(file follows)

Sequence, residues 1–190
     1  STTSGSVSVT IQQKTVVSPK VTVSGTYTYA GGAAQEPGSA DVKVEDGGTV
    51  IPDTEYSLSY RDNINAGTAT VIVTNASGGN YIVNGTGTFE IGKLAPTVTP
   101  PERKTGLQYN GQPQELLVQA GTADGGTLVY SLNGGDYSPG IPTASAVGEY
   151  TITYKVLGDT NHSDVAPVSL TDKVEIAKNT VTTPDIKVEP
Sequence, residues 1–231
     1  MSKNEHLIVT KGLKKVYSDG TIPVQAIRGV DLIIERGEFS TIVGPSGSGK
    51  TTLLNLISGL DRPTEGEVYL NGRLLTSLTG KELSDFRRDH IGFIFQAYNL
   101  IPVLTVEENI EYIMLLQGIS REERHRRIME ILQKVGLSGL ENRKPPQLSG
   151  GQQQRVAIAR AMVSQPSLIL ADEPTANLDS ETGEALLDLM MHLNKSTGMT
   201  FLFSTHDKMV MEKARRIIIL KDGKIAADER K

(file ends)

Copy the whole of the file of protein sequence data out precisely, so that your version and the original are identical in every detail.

Sequence, residues 1–190
     1  STTSGSVSVT IQQKTVVSPK VTVSGTYTYA GGAAQEPGSA DVKVEDGGTV
    51  IPDTEYSLSY RDNINAGTAT VIVTNASGGN YIVNGTGTFE IGKLAPTVTP
   101  PERKTGLQYN GQPQELLVQA GTADGGTLVY SLNGGDYSPG IPTASAVGEY
   151  TITYKVLGDT NHSDVAPVSL TDKVEIAKNT VTTPDIKVEP
Sequence, residues 1–231
     1  MSKNEHLIVT KGLKKVYSDG TIPVQAIRGV DLIIERGEFS TIVGPSGSGK
    51  TTLLNLISGL DRPTEGEVYL NGRLLTSLTG KELSDFRRDH IGFIFQAYNL
   101  IPVLTVEENI EYIMLLQGIS REERHRRIME ILQKVGLSGL ENRKPPQLSG
   151  GQQQRVAIAR AMVSQPSLIL ADEPTANLDS ETGEALLDLM MHLNKSTGMT
   201  FLFSTHDKMV MEKARRIIIL KDGKIAADER K